Protest Proceedings of Oil Pipelines and Shippers

Value-chain or channel conflict is a persistent characteristic of capitalism and of the oil and gas industry. Maintaining the internal functional expertise and efficiently obtaining related regulatory and legal intelligence is important for all players.



What is the Issue?

Value-chain or channel conflict is a persistent characteristic of capitalism and of the oil and gas industry. A significant origin of conflicts are the rates charged and associated terms of services for transportation of hydrocarbon commodity products. As a regulated industry, these conflicts, if related to interstate commerce, are adjudicated by the Federal Energy Regulatory Commission and involve complex multi-party proceedings that can take years to resolve.

Why does it matter?

Understanding the most common conflict causes and resolutions can help industry participants best anticipate and interpret regulatory actions to manage their individual risks and maximize their returns. FERC proceedings establish case laws and precedents and administer rules and regulations related to each hydrocarbon product and its ability to be marketed at “just and reasonable” rates.

What is our view?

Relative to other industries, the route-to-market or value chain for oil hasn’t changed much over its 170-ish year existence. While there have been impactful legislative and regulatory changes impacting economics and practices for individual industry sectors (mainly to break up and prevent monopolistic market power), the underlying capitalist system that drives — hopefully — productive conflict will continue to do so. Maintaining the internal functional expertise and efficiently obtaining related regulatory and legal intelligence is important for all players.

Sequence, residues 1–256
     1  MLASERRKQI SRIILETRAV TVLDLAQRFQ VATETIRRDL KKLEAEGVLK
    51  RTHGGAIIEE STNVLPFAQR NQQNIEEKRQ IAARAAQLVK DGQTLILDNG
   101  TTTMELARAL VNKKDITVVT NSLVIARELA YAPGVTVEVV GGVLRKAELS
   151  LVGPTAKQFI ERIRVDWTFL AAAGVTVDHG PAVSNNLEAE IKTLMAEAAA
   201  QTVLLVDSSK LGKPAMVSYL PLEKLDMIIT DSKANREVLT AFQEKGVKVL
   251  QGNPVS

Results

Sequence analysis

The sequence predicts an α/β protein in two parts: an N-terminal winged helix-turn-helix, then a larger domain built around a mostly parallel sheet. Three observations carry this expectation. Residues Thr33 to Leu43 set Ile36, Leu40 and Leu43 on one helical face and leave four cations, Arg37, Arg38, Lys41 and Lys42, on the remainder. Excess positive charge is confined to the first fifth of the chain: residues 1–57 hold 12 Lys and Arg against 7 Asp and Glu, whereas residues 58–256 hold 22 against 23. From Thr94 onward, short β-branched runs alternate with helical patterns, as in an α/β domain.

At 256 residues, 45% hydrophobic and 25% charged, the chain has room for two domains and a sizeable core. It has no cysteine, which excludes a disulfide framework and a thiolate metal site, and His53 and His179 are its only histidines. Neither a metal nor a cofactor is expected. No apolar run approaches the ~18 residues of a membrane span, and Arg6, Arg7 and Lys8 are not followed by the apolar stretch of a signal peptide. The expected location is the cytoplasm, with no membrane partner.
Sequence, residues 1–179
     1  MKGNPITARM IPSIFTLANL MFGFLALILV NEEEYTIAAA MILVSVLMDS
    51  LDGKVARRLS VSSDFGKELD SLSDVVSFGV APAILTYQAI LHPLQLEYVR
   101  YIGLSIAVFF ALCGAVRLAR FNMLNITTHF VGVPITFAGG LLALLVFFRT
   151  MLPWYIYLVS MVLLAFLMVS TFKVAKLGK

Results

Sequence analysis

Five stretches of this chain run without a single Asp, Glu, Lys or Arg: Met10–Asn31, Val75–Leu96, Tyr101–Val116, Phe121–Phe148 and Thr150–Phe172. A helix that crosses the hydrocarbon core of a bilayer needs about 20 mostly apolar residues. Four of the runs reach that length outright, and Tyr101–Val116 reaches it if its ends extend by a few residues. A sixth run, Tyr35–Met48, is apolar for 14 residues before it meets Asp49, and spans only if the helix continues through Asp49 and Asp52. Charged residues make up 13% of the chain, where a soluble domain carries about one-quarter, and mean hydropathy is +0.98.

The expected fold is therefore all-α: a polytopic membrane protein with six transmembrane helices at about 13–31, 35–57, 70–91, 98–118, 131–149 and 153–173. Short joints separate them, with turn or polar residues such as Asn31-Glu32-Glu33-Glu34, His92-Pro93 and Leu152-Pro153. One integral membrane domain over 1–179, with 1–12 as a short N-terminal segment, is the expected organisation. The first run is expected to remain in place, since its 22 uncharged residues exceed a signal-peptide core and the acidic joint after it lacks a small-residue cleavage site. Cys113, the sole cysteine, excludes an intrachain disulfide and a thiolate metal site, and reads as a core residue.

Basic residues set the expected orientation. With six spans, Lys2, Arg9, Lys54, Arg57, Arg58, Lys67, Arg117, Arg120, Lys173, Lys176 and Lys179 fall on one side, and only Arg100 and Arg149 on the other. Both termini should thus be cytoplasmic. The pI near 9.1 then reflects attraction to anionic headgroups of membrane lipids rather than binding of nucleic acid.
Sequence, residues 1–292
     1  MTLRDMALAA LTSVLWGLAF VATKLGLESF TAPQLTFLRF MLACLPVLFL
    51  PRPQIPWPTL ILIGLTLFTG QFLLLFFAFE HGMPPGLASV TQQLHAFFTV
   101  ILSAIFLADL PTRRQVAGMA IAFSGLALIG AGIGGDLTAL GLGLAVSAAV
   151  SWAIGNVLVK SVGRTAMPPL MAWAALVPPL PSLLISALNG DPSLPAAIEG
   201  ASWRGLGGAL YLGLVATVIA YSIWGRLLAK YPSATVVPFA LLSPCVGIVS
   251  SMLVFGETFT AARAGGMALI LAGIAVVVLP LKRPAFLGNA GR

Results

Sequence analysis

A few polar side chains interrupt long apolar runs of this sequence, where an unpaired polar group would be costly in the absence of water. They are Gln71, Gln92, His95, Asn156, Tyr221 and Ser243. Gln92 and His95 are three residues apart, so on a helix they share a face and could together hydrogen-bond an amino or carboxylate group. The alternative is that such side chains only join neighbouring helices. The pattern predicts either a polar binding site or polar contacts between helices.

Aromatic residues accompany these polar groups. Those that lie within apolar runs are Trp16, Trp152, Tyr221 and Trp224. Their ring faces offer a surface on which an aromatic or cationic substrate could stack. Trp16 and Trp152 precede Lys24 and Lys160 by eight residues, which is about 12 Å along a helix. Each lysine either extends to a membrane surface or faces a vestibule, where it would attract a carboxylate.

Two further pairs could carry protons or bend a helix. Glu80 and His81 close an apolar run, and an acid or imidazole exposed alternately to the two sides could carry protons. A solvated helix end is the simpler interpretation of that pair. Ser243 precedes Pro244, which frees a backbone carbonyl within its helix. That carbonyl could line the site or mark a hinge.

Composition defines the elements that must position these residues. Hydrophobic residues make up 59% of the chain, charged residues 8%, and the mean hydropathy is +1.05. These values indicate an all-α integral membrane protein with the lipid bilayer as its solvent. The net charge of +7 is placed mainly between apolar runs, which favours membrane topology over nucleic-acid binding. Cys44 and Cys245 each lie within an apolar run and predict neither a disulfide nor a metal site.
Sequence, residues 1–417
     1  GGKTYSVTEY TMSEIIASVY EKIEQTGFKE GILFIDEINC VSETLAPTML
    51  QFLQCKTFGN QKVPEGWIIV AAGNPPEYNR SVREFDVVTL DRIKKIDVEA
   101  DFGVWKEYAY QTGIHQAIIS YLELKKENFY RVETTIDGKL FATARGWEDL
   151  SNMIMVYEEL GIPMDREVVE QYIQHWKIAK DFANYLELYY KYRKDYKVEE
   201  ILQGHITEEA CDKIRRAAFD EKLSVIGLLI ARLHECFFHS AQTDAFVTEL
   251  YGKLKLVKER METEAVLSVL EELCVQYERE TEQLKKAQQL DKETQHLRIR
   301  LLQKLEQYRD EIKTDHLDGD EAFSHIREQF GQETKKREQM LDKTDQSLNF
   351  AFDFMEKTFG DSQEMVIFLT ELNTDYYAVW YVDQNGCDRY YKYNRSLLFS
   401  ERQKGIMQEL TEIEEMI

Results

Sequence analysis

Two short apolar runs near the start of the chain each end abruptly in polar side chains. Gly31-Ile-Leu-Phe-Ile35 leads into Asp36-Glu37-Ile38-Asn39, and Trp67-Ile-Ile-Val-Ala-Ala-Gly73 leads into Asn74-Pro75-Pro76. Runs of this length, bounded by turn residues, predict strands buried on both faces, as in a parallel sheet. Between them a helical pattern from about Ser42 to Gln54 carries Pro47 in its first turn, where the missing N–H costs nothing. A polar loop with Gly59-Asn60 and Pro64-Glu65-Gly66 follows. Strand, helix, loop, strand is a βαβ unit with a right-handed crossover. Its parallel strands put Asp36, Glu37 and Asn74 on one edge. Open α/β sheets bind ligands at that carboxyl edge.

In any value chain, raw materials move through production steps and between companies on their way to becoming finished goods and being sold or consumed by an end-use customer. Value is added along the way, and buyers and sellers pay or are compensated for value-added to in-process goods at their link in the chain. Depending on the nature of the industry and its products and markets, the chain can be long or short and may resemble a well-built fence line — linear and efficient — or more of a kinked-up garden hose — creasing into bottlenecks and springing leaks no matter how many times it’s straightened.

The oil industry’s 170-ish year old value chain hasn’t changed all that much over time in terms of the fundamental steps required to move raw materials (e.g. crude oil) to their destination: exploration, production, transportation, processing, and consumption. As a commodity value chain, the value-added steps for transforming oil into its derivative raw, intermediate, or refined products for consumption by a manufacturer, energy producer, airline, or motorist may not seem as significant as, say, turning silicone into a computer chip. However, all of these processes take tremendous scale and thus support entire industries at each chain link. The midstream industry — transporting all those liquid hydrocarbons from the ground to the gas tank — is a big value-add in the chain.